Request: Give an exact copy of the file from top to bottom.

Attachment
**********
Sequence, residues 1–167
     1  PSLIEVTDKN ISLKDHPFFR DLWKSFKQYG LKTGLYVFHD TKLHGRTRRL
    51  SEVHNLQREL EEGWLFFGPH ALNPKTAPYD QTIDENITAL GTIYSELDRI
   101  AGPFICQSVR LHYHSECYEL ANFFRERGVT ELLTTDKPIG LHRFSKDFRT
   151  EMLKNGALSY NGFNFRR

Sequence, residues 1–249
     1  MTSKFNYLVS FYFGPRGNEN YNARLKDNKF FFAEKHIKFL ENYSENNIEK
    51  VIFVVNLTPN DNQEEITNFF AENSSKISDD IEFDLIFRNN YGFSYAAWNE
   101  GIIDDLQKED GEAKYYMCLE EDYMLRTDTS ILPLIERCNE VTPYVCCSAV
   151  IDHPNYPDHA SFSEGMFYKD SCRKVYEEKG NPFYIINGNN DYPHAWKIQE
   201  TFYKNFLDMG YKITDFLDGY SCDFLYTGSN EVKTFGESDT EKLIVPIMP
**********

Sequence, residues 1–167
     1  PSLIEVTDKN ISLKDHPFFR DLWKSFKQYG LKTGLYVFHD TKLHGRTRRL
    51  SEVHNLQREL EEGWLFFGPH ALNPKTAPYD QTIDENITAL GTIYSELDRI
   101  AGPFICQSVR LHYHSECYEL ANFFRERGVT ELLTTDKPIG LHRFSKDFRT
   151  EMLKNGALSY NGFNFRR

Sequence, residues 1–249
     1  MTSKFNYLVS FYFGPRGNEN YNARLKDNKF FFAEKHIKFL ENYSENNIEK
    51  VIFVVNLTPN DNQEEITNFF AENSSKISDD IEFDLIFRNN YGFSYAAWNE
   101  GIIDDLQKED GEAKYYMCLE EDYMLRTDTS ILPLIERCNE VTPYVCCSAV
   151  IDHPNYPDHA SFSEGMFYKD SCRKVYEEKG NPFYIINGNN DYPHAWKIQE
   201  TFYKNFLDMG YKITDFLDGY SCDFLYTGSN EVKTFGESDT EKLIVPIMP